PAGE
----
The celebrated Australian trait of mateship is very much on display in the third season of Channel 10's The Bachelorette. But this is not always to the benefit of the protagonist, Bachelorette Sophie Monk.
This emphasis on male bonds can be seen in the parting words of two bachelors. Professional polo player Bingham Fitz-Henry's concern about leaving the show had little to do with missing out on time with Monk:
"I'm enjoying my time hanging out with the boys and the experience I'm having is second to none and if it was to end now I'd be devastated."
Another departing bachelor, restaurant manager Harry Farran, also spoke gushingly of his new-found male companions:
"These group of guys have become my friends over the last few weeks and I honestly believe that you will fall in love cause I have."
While it is gratifying that male friendship is alive and well, such examples of "bromance" sit awkwardly alongside the show's defining narrative of heterosexual romance. Conceived originally as a bond between men, mateship's traditional exclusion of women potentially undermines their desire and identity.
A glimpse of this was seen in the relationship between Bachelorette contestants Sam Cochrane, a voice over artist, and Blake Colman, an entrepreneur, whose mutual affection led to each pledging support for the other in winning the game. The glaring question of Monk's desire was irrelevant.
The Bachelorette might appear to be a progressive alternative to The Bachelor, but it is actually doing nothing for women when male bonds are central to its drama. And there is a dark side to mateship that popular television shows such as this tend to gloss over.
The significance of mateship in Australian culture can in part be attributed to Russell Ward's influential The Australian Legend, which identifies it as a great social equaliser and defining national trait. The cultural embrace of mateship has continued into the modern era, such as when John Howard tried unsuccessfully to include the term in a new preamble to the Australian Constitution.
However, mateship has not always fostered equality between all. This is deftly dramatised in a number of classic Australian films where women in particular experience it as a negative social force.
For example, Bruce Beresford's cinematic adaption of the David Williamson play Don's Party (1976) depicts drunken larrikins bonding at an election night party, to the general detriment of their female companions. Neil Rattingan's book Images of Australia suggests that rather than "promoting a sense of bonding and community", the film highlights a hostile social system where barely concealed feelings of "envy, jealousy, and aggression" underlie the surface humour.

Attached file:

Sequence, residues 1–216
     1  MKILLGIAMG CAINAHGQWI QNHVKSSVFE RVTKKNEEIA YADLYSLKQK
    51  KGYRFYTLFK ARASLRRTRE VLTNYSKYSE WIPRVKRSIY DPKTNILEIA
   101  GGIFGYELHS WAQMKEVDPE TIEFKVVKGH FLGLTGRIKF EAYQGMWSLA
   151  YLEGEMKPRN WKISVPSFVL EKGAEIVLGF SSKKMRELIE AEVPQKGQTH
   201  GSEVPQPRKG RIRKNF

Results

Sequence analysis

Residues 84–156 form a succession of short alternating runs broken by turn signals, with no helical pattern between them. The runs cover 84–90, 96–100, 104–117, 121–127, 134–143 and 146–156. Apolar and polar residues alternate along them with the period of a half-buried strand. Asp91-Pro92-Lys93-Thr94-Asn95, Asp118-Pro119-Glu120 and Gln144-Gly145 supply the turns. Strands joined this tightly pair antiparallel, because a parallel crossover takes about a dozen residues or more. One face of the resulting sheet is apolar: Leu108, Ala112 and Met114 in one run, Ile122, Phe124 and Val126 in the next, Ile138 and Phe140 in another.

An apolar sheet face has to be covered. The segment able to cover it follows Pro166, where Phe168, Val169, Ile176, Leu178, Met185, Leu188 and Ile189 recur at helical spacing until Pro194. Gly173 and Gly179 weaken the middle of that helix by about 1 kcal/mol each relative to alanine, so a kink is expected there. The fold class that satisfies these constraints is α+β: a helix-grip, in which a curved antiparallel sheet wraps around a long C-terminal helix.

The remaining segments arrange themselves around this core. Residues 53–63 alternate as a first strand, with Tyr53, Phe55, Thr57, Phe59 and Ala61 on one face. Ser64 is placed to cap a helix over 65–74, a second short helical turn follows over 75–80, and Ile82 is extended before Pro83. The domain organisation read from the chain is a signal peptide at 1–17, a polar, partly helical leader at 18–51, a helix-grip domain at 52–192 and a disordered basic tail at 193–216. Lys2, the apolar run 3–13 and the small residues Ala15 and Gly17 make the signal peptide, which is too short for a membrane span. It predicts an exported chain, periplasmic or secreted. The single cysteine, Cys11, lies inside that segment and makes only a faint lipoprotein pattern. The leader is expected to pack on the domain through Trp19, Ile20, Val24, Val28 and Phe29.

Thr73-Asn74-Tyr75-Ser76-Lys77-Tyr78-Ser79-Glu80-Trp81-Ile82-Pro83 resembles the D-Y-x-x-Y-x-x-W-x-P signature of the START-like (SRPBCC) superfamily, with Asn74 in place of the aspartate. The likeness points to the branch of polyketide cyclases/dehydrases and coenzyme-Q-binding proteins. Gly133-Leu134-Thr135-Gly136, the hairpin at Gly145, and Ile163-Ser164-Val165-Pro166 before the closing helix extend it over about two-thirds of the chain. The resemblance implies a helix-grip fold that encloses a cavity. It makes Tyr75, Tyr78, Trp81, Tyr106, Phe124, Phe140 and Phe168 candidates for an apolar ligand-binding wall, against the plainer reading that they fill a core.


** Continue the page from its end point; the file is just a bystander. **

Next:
The undervalued Australian film Shame (1988), starring Deborra-Lee Furness, foregrounds another ominous dimension of mateship. Here, a male ocker-style pack mentality leaves young women endangered and ultimately violated.
But nowhere has the dark side of mateship been better explored than in Wake in Fright, Ted Kotcheff's devastating 1971 film adaptation of the Kenneth Cook novella. A new version of Wake in Fright recently screened on Channel 10 as a miniseries. While the TV series covers aspects of the film, it fails to rediscover the dark power of Kotcheff's original.
It is interesting that it took the vision of a British author (Cook) and Canadian director (Kotcheff) to successfully expose mateship's malevolent character, including continual scenes of debauchery, excessive drinking, heedless gambling and bloody roo-hunting expeditions. After appearing in Kotcheff's film, Jack Thompson admitted that the depiction of mateship was "embarrassingly accurate".
The only woman of any note in Wake in Fright, Janette Hynes (Sylvia Kay), is reduced to being a "good sheila" who cooks, serves alcohol and provides the men with a point of sexual arousal. The incorporation of more female characters into the 2017 television remake only downplayed the original story's disturbing chronicle of chauvinism.
Gender studies theorist Eve Kosofsky Sedgwick has argued that male bonds are developed through women's exclusion. Although American, her ideas resonate perhaps even more in an Australian context, where white, male heterosexual bonding has also traditionally excluded non-white and non-heterosexual men.
As I have argued previously, while the Bachelorette and Bachelor both promote competition, the conflict between the women in The Bachelor far outstrips men's rivalry in The Bachelorette. In the 2016 season of The Bachelor, the personal nature of the women's clashes was at times sexist and even in some cases misogynistic.
The very different dynamic going on in the male and female versions of this reality TV franchise should give us pause to reflect upon whether this mirrors real life relationships between men and women. In a show that is supposedly about Sophie Monk's quest for love, bromance often steals the spotlight.